Background Hospital prealerting in acute stroke improves the timeliness of subsequent treatment, but little is known about the impact of prehospital assessments on in-hospital care. Objective Examine the association between prehospital assessments and notification by emergency medical service staff on the subsequent acute stroke care pathway. Methods This was a cohort study of linked patient medical records. Consenting patients with a diagnosis of stroke were recruited from two urban hospitals. Data from patient medical records were extracted and entered into a Cox regression analysis to investigate the association between time to CT request and recording of onset time, stroke recognition (using the Face Arm Speech Test (FAST)) and sending of a prealert message. Results 151 patients (aged 71±15 years) travelled to hospital via ambulance and were eligible for this analysis. Time of symptom onset was recorded in 61 (40%) cases, the FAST test was positive in 114 (75%) and a prealert message was sent in 65 (44%). Following adjustment for confounding, patients who had time of onset recorded (HR 0.73, 95% CI 0.52 to 1.03), were FAST-positive (HR 0.54, 95% CI 0.37 to 0.80) or were prealerted (HR 0.26, 95% CI 0.18 to 0.38), were more likely to receive a timely CT request in hospital. Conclusions This study highlights the importance of hospital prealerting, accurate stroke recognition, and recording of onset time. Those not recognised with stroke in a prehospital setting appear to be excluded from the possibility of rapid treatment in hospital, even before they have been seen by a specialist. https://emj.bmj.com/content/32/2/93.long This is an Open Access article distributed in accordance with the Creative Commons Attribution Non Commercial (CC BY-NC 4.0) license, which permits others to distribute, remix, adapt, build upon this work non-commercially, and license their derivative works on different terms, provided the original work is properly cited and the use is non-commercial. See: http://creativecommons.org/licenses/by-nc/4.0/ http://dx.doi.org/10.1136/emermed-2013-203026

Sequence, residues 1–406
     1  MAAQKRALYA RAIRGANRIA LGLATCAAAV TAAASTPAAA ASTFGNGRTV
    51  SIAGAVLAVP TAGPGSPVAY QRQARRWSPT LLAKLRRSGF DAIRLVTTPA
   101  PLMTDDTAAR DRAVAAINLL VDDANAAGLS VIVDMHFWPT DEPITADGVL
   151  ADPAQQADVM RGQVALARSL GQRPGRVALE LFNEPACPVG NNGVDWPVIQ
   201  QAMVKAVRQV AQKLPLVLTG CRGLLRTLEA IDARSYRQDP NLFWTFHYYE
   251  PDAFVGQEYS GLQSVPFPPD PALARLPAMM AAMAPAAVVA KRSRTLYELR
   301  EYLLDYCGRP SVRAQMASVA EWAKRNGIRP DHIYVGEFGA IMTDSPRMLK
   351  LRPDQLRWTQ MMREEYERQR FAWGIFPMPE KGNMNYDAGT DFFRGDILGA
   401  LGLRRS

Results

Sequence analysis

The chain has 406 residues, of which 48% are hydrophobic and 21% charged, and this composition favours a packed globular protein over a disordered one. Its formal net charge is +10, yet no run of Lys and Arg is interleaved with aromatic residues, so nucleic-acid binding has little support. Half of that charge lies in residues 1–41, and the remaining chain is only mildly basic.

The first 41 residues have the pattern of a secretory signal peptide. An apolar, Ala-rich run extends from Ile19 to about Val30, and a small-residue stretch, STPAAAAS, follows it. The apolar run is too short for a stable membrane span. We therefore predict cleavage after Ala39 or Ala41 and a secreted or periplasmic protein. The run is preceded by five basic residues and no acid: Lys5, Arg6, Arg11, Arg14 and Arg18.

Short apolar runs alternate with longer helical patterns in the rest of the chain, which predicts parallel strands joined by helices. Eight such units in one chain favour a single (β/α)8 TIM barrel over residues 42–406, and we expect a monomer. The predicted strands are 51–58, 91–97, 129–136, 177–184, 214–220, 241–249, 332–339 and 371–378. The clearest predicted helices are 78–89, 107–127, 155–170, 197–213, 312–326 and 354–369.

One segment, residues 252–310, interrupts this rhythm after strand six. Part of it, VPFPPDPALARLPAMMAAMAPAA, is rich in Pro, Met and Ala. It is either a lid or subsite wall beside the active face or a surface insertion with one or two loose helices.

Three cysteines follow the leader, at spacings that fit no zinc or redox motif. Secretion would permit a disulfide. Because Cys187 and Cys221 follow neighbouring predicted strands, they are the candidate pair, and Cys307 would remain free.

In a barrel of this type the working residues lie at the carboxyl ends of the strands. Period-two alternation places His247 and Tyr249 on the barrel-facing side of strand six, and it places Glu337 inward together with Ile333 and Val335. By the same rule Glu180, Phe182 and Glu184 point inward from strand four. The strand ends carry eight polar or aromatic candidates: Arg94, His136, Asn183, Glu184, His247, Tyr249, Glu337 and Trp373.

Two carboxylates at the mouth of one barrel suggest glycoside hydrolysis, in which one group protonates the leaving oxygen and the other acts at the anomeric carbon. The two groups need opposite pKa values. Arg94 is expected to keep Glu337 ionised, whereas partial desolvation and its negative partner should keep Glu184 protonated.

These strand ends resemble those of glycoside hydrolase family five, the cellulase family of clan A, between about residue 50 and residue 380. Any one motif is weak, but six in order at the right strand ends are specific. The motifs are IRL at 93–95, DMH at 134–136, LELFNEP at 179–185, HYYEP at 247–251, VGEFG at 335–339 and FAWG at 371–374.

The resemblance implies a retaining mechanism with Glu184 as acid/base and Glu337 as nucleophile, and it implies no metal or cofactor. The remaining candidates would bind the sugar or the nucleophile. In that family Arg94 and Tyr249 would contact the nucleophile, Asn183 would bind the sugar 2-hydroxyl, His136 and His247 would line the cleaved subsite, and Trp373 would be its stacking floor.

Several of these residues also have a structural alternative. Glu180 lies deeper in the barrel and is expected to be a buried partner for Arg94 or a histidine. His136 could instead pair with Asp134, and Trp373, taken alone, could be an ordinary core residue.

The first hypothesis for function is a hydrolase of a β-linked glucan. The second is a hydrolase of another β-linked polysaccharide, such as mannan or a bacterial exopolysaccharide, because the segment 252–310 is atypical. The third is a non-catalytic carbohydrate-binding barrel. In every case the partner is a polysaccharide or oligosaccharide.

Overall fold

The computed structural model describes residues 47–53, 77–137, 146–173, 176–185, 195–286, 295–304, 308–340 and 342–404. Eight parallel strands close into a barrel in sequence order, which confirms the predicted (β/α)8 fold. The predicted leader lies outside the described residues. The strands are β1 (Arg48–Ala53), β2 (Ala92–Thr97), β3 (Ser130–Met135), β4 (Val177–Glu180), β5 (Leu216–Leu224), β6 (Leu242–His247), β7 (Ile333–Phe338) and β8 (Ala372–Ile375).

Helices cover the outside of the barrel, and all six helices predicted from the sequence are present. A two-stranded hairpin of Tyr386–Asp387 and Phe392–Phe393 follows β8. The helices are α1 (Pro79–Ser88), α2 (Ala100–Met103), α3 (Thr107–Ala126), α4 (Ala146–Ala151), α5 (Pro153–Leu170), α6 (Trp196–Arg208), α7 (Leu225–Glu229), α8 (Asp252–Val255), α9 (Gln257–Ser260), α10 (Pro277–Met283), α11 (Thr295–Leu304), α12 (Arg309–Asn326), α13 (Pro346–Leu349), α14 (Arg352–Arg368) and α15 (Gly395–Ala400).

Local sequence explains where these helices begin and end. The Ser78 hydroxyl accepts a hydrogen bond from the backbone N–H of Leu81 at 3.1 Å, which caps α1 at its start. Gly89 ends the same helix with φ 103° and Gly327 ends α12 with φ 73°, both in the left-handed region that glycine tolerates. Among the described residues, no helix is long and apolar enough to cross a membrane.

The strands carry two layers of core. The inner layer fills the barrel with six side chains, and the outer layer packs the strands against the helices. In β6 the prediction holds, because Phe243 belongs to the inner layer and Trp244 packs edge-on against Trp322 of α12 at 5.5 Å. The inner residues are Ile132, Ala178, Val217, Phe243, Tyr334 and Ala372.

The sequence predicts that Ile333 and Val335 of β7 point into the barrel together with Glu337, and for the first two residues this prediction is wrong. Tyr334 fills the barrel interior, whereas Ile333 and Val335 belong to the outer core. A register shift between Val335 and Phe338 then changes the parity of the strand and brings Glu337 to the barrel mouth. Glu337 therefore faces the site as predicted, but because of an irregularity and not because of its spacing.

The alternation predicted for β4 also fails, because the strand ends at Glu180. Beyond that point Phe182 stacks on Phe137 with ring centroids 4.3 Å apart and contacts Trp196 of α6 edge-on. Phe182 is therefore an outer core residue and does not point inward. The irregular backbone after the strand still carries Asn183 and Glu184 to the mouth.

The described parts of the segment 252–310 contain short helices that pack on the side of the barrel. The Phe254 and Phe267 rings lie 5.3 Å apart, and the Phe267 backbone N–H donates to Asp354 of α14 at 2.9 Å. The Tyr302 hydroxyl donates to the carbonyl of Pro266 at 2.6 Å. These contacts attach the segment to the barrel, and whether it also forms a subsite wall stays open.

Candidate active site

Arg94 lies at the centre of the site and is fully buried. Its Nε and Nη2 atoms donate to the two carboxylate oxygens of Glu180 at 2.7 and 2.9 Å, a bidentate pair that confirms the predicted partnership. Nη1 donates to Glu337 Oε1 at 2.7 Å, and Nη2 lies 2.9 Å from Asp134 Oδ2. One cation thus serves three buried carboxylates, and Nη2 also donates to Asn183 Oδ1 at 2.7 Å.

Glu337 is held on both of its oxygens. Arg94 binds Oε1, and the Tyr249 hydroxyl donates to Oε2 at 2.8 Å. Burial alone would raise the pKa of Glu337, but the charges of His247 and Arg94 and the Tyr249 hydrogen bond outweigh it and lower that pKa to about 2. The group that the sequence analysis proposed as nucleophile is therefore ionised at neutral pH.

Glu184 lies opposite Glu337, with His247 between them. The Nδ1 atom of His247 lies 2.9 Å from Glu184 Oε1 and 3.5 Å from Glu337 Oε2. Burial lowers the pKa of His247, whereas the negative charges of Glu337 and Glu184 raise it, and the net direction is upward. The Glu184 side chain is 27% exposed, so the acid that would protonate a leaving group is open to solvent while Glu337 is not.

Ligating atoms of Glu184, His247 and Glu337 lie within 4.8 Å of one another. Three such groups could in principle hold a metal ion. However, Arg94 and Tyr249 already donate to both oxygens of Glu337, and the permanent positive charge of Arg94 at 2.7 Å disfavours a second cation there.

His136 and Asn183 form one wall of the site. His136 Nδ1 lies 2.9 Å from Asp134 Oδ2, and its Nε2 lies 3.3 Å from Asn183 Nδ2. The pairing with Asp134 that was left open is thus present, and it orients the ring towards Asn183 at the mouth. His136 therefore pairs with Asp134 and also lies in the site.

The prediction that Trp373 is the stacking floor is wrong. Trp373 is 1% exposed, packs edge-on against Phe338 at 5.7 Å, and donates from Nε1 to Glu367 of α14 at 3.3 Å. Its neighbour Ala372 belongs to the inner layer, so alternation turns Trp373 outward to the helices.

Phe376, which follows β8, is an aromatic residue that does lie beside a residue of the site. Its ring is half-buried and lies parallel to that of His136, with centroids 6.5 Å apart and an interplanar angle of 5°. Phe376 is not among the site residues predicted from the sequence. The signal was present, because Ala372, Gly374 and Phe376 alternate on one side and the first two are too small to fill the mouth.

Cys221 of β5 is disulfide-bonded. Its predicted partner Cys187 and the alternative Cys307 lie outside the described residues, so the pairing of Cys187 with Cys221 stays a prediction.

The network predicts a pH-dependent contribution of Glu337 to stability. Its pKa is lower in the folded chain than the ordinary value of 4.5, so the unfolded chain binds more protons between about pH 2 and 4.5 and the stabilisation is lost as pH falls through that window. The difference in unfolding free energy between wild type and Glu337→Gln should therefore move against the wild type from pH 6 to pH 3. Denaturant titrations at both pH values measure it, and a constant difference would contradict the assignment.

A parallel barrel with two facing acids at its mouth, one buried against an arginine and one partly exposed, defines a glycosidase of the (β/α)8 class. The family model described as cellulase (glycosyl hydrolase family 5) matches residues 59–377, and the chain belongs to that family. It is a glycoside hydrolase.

• Barriers to paramedic education in black and ethnic minority (BME) groups

      Farquharson, Natalie; Dudley, Robert; Hardwick, Sharon; Zandbeek, Jennifer (2017-01)
      Abstract published with permission. Purpose: To gain an understanding of how Black and Minority Ethnic (BME) groups respond to information about paramedic courses, their experience of the enrolment processes and their experience of paramedic training. Methodology: Telephone interviews were conducted with qualified paramedics and student paramedics from BME groups. Findings: Interviews revealed issues in relation to the accessibility and understanding of information on paramedic education and a lack of information in preparation for paramedic courses, causing unrealistic expectations. A lack of diversity in the student population, incidences of racial offence (unconscious or conscious), and a lack of visibility of BME staff in the ambulance service as well as in the wider community were identified. Practical implications: The results produced from this evaluation may contribute towards a series of recommendations in order to better inform practice to increase the diversity of students entering into paramedic science and in order to avoid issues such as student attrition.
    • Bystander cardiopulmonary resuscitation: Impact of training initiatives

      Brown, Terry P.; Booth, Scott; Lockey, Andrew S.; Askew, Sara; Hawkes, Claire A.; Fothergill, Rachael T.; Black, Sarah; Pocock, Helen; Gunson, Imogen; Soar, Jasmeet; et al. (2018-09)